Friday, October 26, 2012

[Chef's Recipe] Shrimp Moqueca from Bam Bam

Check out this recipe from the LA soon-to-be hot spot BAM BAM. You're getting the first look at some of the amazing (and healthy) dishes that they'll be serving up thanks to Executive Chef, Brendan Muha. 

Shrimp Moqueca
Serves 4

1 lbs raw shrimp*

2 lime, juiced
2T red palm oil**
1 medium onion, sliced into thin rounds 
3 cloves garlic, minced 
1/2 red bell pepper, cored, seeded and cut into strips
1/2 yellow bell pepper, cored, seeded, and cut into strips
4 large ripe tomatoes (or 14oz can whole peeled tomatoes), cut into rounds or sliced
1c coconut milk (not low-fat)
1 bunch cilantro, torn roughly
1 scallion, finely sliced
2 sprigs parsley, torn roughly 
1t salt, plus more to taste
pepper, to taste
minced malagueta peppers, to taste***

Clean the shrimp and combine with half of the lime juice and salt in a small bowl. Allow to marinate in the refrigerator for about an hour, not more. Remove shrimp and discard marinade. 

Heat the palm oil in a frying pan, casserole, or clay pot. Sauté the onions until golden, then add the garlic. Once the garlic becomes fragrant (about 30 seconds), add the peppers and a few sprigs of cilantro and continue to sauté for a few minutes longer. Season with salt and pepper. Add the tomatoes and allow to cook down for 5-10 minutes. Stir in the coconut milk and marinated shrimp, and reduce heat to low. If necessary, add a small bit of water (or shrimp stock). Cook until the shrimp is opaque throughout and the sauce is smooth.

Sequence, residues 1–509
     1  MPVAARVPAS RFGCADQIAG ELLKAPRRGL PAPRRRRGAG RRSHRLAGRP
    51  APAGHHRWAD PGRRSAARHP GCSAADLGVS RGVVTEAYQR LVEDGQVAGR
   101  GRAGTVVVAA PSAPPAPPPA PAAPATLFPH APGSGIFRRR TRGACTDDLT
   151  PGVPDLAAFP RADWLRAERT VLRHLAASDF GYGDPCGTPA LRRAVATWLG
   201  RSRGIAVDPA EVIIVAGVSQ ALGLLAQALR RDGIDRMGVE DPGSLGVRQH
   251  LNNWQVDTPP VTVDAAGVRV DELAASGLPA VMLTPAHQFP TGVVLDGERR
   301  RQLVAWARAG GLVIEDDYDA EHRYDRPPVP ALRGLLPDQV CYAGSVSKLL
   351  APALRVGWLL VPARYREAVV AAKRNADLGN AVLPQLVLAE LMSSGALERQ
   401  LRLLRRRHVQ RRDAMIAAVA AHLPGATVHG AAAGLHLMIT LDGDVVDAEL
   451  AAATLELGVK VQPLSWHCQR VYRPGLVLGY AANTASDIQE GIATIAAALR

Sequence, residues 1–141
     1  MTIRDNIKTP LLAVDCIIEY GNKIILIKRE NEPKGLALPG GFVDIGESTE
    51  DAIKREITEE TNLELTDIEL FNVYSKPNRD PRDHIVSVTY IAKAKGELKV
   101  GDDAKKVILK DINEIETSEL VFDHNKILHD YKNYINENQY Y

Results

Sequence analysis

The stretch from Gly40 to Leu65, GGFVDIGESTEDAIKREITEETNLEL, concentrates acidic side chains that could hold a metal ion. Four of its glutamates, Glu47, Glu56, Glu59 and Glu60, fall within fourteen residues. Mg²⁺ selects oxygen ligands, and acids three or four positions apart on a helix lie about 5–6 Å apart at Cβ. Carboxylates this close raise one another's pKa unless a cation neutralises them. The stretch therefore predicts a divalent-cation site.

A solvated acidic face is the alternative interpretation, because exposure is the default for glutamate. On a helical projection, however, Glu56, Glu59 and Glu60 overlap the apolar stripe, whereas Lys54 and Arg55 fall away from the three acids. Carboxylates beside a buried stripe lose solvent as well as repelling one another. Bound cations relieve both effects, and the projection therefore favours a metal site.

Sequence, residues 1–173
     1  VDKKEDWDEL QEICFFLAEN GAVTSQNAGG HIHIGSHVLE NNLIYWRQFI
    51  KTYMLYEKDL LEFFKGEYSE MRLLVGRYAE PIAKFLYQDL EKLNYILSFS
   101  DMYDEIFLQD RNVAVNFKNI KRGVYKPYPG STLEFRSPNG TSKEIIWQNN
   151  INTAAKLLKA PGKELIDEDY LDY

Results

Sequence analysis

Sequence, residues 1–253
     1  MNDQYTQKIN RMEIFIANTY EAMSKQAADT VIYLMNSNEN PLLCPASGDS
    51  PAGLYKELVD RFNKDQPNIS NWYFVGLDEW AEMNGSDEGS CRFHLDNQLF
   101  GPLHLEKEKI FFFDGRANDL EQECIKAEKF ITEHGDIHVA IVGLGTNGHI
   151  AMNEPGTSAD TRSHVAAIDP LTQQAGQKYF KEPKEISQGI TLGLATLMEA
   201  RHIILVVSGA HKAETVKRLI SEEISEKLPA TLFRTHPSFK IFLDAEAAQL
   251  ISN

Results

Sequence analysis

Add cilantro, scallions, and parsley -- taste, and adjust seasoning. Add the remaining lime juice and minced malagueta peppers, if desired. Just before serving, top with more fresh cilantro. 

Traditionally, this is served over white rice -- I like to serve it over steamed cubed sweet potatoes or simply enjoy it as a stew. 

Notes from the Chef:

*I recommend buying shrimp with heads and shells. Seaside kiosks in Brazil will cook with the entire shrimp; they use very large shrimp, and the head and shell help flavor the dish. Finer restaurants will remove the head and shell and use them to prepare a stock. You're also free to use peeled, headless shrimp. 

**Red palm oil is known as azeite de dendê and is a key ingredient in cooking of the Brazilian northeast; it can be found in Brazilian markets, SE Asian markets, and some natural food markets (Erewhon, etc.). If you can't find dendê, or prefer a lighter taste, you can create your own óleo de urucum: lightly sauté about 1T of achiote/annatto seeds (available at any Latin supermarket) in 2T of olive oil for about 5 minutes. Be sure not to scorch. When the oil is fragrant and richly colored, remove the seeds and the oil is ready. Or, if you want to make life easy, you can simply add a bit of paprika to your olive oil while it warms. 

***Malagueta peppers, or pimenta malagueta, are small spicy red peppers sold in jars. They have a sharp and vinegary spice. You can find them in Brazilian markets, or you may substitute fresno peppers, serranos, or another pepper of your choosing.  

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